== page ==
Hungarian foreign minister: Parts of world safe to date now threatened
Due to new security challenges, parts of the world that have so far been regarded as safe are now under threat, Péter Szijjártó, the foreign minister, said late on Monday in New York at the Nelson Mandela Peace Summit held to coincide with the United Nations General Assembly.
Szijjártó identified “massive and uncontrolled” migration flows that give terrorist groups the opportunity to infiltrate other parts of the world. “This is why joint action must be taken against illegal migration,” he said.
The view that migration is a fundamental human right should be rooted out, Szijjártó added.
The minister also noted threats to national and religious minorities, saying it was a duty of international organisations to act to defend them and guarantee their rights.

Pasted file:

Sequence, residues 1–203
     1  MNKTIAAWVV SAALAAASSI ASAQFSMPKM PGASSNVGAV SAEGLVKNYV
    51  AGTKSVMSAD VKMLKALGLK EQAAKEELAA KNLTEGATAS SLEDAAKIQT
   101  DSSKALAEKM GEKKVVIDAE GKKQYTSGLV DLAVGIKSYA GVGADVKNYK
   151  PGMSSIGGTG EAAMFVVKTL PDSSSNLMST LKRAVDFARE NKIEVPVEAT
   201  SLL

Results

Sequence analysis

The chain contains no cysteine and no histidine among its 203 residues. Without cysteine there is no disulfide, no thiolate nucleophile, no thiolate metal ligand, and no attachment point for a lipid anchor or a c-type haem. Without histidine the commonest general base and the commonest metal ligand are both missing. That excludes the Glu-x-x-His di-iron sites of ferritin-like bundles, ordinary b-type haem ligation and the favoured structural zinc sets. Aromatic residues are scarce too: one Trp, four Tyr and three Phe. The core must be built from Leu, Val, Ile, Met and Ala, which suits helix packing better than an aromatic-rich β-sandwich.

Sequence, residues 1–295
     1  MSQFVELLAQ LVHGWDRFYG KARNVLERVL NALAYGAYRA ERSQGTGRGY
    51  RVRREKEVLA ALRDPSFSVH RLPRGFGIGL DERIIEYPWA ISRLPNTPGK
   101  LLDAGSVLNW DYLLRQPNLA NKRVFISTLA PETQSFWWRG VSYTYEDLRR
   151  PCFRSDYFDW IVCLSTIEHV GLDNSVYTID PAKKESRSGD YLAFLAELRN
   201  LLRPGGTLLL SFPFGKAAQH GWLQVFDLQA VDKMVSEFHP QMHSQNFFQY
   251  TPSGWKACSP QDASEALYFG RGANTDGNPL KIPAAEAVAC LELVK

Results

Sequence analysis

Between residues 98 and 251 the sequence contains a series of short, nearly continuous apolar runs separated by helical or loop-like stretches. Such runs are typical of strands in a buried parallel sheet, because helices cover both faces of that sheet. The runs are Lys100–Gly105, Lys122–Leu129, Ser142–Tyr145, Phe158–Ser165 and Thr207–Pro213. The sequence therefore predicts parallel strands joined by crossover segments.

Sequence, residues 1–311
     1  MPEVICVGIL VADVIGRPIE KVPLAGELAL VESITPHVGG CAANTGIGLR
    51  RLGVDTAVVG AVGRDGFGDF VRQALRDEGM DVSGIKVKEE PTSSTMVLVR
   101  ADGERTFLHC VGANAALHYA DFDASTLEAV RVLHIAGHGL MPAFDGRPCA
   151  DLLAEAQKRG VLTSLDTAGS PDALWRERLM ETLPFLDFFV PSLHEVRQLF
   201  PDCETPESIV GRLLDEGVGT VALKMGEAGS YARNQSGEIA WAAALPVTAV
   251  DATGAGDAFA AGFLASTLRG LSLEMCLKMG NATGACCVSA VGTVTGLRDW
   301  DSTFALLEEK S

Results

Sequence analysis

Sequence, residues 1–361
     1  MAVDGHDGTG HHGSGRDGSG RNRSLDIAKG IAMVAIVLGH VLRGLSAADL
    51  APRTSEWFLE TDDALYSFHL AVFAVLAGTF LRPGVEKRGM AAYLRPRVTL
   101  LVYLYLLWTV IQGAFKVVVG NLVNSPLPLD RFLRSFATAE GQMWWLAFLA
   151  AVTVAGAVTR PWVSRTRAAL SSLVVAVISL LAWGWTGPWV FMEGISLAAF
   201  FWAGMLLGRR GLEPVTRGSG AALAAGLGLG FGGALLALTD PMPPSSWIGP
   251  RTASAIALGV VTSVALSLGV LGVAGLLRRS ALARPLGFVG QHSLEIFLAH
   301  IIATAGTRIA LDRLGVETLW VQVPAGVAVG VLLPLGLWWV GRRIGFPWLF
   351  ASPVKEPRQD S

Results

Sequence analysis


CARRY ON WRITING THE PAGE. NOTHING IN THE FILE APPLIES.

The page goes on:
These minorities should be seen as seedbeds of friendship rather than sources of tensions, he said.
Szijjártó also held several bilateral meetings on Monday, including with Cardinal Timothy C. Dolan, with whom he discussed the persecution of Christians around the world. He also met representatives of several leading pharmaceutical companies. Besides Hungary’s car industry, a leading driver of research and development in the country is its pharmaceutical sector.
Featured image: MTI/AP